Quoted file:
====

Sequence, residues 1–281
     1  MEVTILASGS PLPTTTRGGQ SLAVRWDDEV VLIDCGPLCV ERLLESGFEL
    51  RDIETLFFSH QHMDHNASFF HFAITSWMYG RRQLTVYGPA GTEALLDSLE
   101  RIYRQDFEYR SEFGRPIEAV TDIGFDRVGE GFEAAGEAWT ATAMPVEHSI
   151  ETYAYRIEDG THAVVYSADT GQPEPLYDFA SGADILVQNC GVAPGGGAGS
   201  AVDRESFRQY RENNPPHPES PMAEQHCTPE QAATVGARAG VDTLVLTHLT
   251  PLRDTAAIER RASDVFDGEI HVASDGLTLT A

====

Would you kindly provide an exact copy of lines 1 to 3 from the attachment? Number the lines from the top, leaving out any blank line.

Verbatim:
Sequence, residues 1–281
     1  MEVTILASGS PLPTTTRGGQ SLAVRWDDEV VLIDCGPLCV ERLLESGFEL
    51  RDIETLFFSH QHMDHNASFF HFAITSWMYG RRQLTVYGPA GTEALLDSLE